If humans are biologically and culturally evolved beings, physically and mimetically adapted to family, tribe and ritual, it seems to follow that we are ill-adapted to ways of life and thinking rooted sheerly in abstract universalism. Yet setting up a harsh opposition between our intuition and reason might be part of why those like Dawkins end up contradicting themselves. Our inherited customs and desires may make us tribal, but they also seem to embody an urge for the transcendent, the universal and the rightly ordered. We thrive on a certain messiness, but wither without the light of perfection.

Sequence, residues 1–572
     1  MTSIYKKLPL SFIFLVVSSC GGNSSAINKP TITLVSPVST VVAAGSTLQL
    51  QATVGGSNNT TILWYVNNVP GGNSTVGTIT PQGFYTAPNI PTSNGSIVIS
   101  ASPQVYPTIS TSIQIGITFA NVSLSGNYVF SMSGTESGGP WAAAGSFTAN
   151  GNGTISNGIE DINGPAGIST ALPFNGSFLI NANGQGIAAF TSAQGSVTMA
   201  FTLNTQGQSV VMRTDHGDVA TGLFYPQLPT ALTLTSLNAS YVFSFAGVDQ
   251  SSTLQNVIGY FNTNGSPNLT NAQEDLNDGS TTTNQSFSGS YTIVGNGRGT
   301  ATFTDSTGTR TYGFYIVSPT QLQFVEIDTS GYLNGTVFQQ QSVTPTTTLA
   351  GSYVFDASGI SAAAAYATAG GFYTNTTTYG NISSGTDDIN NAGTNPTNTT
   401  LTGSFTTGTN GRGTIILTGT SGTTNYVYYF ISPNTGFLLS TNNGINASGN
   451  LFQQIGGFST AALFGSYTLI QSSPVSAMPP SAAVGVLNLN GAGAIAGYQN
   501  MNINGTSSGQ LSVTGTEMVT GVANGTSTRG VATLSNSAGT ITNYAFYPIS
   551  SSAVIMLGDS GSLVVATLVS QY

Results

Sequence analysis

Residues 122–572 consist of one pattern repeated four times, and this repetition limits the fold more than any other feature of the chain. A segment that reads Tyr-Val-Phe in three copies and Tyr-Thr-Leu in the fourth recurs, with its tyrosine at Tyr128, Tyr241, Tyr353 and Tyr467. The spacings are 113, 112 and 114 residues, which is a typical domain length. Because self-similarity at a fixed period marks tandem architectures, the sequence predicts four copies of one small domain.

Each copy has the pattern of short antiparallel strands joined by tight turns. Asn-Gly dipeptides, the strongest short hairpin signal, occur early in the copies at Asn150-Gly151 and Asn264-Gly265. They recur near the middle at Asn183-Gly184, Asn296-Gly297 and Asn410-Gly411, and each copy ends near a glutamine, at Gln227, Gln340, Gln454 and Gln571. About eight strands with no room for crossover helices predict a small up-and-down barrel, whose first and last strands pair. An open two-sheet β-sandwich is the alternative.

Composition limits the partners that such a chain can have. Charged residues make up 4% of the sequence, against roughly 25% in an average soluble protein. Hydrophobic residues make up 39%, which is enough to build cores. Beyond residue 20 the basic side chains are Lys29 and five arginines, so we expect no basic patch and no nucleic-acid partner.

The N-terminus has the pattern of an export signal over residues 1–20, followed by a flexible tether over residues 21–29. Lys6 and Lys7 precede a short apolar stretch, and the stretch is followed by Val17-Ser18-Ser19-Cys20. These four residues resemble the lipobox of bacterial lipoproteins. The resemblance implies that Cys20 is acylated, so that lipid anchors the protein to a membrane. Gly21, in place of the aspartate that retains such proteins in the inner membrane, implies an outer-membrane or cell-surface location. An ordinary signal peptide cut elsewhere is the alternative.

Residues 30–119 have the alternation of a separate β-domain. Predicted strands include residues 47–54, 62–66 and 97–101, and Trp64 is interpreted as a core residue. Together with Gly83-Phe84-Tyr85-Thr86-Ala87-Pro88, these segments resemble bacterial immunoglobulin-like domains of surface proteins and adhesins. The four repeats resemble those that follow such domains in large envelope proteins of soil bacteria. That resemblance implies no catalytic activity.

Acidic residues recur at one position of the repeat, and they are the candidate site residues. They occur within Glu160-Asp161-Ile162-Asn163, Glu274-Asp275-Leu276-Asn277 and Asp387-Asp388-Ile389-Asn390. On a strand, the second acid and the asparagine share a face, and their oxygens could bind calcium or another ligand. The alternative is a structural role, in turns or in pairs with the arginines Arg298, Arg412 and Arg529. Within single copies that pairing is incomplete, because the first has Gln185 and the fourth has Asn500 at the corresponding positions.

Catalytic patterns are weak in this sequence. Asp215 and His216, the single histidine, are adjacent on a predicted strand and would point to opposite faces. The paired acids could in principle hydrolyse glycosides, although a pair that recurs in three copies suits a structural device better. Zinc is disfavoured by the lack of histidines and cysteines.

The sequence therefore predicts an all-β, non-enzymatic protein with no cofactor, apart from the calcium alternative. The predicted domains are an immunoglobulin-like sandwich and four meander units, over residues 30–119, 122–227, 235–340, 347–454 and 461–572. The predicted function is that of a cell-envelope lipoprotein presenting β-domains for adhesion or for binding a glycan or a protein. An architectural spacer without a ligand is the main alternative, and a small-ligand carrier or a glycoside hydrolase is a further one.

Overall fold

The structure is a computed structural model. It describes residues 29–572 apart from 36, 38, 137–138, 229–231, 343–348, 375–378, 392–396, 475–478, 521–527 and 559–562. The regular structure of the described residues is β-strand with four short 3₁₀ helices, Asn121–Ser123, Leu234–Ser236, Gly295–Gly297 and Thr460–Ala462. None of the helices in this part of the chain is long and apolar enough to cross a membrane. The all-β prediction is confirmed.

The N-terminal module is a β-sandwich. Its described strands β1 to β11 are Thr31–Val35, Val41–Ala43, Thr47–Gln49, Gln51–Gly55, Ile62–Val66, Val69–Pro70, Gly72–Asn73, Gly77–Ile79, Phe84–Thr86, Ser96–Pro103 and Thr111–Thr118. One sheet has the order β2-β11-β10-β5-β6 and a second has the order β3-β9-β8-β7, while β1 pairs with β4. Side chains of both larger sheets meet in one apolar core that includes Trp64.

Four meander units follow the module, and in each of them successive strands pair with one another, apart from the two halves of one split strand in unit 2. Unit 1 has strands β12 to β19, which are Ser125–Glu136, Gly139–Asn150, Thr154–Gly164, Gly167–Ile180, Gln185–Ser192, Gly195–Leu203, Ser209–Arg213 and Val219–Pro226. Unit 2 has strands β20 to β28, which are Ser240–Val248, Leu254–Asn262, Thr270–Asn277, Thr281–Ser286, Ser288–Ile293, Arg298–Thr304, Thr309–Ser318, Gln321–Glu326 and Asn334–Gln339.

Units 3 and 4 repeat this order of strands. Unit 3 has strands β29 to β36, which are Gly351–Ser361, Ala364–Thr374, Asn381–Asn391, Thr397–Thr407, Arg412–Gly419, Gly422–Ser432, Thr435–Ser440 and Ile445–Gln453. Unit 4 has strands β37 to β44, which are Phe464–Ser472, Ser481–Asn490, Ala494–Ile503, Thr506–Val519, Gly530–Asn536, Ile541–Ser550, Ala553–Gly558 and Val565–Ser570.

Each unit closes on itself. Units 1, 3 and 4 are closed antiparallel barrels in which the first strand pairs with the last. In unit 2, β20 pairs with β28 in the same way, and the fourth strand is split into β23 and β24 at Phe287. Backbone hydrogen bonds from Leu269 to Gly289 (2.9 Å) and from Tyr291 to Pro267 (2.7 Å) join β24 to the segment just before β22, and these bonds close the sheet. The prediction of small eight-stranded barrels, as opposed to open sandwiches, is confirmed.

Language is necessarily prior to rational systems of thought, and bodies are necessarily prior to language

Dawkins has ended up in a Kantian trap — caught between rationalism and empiricism, noumena and phenomena, idea and meme. But what if our tribal urges and inherited institutions have a deep logic all their own? This was the contention of Giambattista Vico, Neapolitan philosopher, humanist, and critic of Enlightenment. Vico, in his Scienza Nuova, anticipated an evolutionary account of human culture, in which our human nature develops in dialectical relation to different cultural epochs. But underlying this developmental view is a perennial, cyclical account of history, in which we are motivated not by a “progressive” march towards an inhuman ideal, but rather a constant adaptation that provokes change in order to sustain what is most essential to our nature — a “counter cycle”, the ricorso